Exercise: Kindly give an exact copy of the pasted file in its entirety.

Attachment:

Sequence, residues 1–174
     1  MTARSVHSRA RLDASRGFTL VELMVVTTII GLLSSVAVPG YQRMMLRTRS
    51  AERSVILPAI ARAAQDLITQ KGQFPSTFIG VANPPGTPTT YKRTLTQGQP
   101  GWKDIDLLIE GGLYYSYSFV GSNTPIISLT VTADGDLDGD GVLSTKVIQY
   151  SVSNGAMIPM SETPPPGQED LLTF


Sequence, residues 1–174
     1  MTARSVHSRA RLDASRGFTL VELMVVTTII GLLSSVAVPG YQRMMLRTRS
    51  AERSVILPAI ARAAQDLITQ KGQFPSTFIG VANPPGTPTT YKRTLTQGQP
   101  GWKDIDLLIE GGLYYSYSFV GSNTPIISLT VTADGDLDGD GVLSTKVIQY
   151  SVSNGAMIPM SETPPPGQED LLTF